Lecturer of Musicology
University of Tennessee
School of Music
233 Natalie L. Haslam Music Center
Knoxville, TN 37996-4040
Ethnomusicologist Lillie Gordon specializes in the musics of Egypt and the larger Arab World. Her current research focuses on musical intersections in the lives of violinists in Cairo, particularly their position between Western classical music and Arab music. More broadly, her interests include musics of the Middle East, music and postcolonial studies, music and nostalgia, music and gender, and organology. Her work has been funded by a Fulbright-Hays Dissertation fellowship, the American Research Center in Egypt, and the University of California, Santa Barbara. She is a winner of the Ki Mantle Hood Prize from the Society for Ethnomusicology (2007).
Heavily invested in bringing her research experiences into the classroom, Professor Gordon challenges students to question categories, practice active listening, and actively engage with understanding music in context. She has previously taught at the University of California, Santa Barbara and the University of Illinois at Urbana-Champaign.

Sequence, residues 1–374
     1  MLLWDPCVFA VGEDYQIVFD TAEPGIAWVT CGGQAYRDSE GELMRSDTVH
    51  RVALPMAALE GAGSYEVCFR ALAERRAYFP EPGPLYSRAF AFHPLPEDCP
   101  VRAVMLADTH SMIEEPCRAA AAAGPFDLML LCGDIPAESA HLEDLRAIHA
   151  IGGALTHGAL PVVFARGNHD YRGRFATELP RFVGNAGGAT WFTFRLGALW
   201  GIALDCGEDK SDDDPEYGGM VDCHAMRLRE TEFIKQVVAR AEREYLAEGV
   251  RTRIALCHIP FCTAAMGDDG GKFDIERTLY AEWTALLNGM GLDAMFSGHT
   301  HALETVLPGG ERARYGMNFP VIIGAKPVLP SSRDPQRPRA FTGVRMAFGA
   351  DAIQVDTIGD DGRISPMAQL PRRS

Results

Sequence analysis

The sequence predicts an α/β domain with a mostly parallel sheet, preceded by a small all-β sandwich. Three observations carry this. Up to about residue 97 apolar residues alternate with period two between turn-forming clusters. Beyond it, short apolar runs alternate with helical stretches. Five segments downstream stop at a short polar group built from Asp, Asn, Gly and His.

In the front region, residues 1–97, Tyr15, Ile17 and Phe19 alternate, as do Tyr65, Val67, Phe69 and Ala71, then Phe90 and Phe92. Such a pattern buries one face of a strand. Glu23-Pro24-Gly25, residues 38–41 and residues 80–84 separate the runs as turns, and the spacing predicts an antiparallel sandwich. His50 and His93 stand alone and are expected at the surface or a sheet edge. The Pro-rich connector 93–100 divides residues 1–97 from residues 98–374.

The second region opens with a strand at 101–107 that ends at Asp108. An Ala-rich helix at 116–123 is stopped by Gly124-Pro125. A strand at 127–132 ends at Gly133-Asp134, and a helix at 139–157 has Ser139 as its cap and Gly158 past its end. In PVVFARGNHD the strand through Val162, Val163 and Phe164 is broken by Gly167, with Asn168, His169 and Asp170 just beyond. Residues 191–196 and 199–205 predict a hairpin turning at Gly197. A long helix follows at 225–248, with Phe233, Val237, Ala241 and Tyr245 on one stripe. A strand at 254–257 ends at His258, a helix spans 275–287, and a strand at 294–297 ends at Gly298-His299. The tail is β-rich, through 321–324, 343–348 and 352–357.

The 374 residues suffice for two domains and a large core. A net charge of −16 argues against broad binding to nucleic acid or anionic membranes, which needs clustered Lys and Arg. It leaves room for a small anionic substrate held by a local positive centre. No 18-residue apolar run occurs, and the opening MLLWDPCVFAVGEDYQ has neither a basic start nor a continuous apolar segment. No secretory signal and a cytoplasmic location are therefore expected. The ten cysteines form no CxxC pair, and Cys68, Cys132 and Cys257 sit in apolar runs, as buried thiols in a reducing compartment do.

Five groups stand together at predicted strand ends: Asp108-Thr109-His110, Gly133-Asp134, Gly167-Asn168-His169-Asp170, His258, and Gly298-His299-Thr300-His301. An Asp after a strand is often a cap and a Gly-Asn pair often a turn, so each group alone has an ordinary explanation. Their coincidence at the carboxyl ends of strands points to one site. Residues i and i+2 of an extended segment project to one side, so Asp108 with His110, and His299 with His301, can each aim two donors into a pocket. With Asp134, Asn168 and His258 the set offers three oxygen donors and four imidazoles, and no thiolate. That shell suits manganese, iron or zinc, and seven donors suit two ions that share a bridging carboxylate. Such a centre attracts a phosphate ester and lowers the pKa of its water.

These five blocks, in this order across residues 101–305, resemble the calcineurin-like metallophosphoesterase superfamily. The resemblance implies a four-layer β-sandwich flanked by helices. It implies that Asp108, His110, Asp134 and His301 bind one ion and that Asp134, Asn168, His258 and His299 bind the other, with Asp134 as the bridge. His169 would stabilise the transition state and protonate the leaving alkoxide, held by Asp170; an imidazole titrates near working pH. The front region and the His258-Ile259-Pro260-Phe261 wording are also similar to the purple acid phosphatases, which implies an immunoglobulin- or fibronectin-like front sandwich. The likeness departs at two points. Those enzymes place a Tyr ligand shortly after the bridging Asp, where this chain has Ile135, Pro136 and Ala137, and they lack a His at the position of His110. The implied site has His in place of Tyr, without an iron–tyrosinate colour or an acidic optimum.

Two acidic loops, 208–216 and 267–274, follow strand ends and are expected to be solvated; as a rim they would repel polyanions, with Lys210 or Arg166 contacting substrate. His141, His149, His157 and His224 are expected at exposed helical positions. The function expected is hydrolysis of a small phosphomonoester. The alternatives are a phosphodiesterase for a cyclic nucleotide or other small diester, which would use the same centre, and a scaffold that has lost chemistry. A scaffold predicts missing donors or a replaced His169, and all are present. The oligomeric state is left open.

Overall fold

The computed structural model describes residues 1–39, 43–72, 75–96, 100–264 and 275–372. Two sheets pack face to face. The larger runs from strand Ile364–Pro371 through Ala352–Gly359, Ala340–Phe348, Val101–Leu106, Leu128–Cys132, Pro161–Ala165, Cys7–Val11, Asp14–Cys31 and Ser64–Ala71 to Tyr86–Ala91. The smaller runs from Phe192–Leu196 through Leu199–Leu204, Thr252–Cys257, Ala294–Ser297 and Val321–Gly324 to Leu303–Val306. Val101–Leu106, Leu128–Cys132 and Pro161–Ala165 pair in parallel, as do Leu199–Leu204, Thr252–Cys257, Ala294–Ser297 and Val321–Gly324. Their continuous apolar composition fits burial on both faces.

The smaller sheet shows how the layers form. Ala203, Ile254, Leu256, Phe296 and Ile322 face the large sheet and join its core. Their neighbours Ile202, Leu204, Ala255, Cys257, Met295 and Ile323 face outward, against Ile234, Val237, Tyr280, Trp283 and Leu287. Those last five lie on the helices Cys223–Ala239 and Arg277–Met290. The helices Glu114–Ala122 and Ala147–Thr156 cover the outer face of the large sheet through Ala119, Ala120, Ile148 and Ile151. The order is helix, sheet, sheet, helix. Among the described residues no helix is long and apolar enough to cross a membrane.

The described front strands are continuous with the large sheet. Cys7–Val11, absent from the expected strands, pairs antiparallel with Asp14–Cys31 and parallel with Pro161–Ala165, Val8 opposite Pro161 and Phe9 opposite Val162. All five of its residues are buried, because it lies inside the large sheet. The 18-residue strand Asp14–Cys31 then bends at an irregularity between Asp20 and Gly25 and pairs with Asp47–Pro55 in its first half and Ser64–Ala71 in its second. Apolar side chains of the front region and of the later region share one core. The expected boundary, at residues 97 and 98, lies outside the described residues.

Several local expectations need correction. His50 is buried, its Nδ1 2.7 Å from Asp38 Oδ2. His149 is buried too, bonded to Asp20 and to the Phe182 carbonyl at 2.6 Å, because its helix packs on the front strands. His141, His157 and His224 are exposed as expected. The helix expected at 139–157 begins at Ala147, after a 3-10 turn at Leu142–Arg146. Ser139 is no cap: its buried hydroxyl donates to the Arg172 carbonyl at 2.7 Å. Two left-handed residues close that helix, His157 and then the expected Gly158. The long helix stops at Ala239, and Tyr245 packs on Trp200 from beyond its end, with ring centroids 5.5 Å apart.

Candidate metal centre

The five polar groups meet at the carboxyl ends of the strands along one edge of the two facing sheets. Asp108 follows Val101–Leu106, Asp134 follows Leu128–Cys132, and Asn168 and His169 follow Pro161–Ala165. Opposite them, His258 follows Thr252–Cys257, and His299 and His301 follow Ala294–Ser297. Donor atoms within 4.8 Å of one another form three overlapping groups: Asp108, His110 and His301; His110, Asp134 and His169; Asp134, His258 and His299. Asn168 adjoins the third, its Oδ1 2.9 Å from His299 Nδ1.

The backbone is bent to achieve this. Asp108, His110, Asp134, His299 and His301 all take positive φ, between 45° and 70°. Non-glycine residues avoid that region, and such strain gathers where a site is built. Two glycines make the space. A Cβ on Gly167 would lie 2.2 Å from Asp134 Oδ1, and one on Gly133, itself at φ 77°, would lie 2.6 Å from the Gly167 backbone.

Professor Gordon is the founder and director of the University of Tennessee Middle East Ensemble, a group of UT students and community members that performs music from throughout the Middle East in the Knoxville area and beyond. As an active performer, Professor Gordon has studied Arab-style violin playing and the Arab lute (‘ud) with renowned teachers in the U.S. and Egypt over the last two decades, including Mr. Sa‘d Muhammad Hassan and Dr. Hussein Saber. She has performed throughout the U.S. and Egypt with the UCSB Middle East Ensemble, the University of Illinois Balkan Ensemble (“Balkanalia”), and other groups.
- PhD in Ethnomusicology - University of California, Santa Barbara (2014)
- MA in Ethnomusicology - University of California, Santa Barbara (2007)
- BA in Music - The College of William and Mary (2002)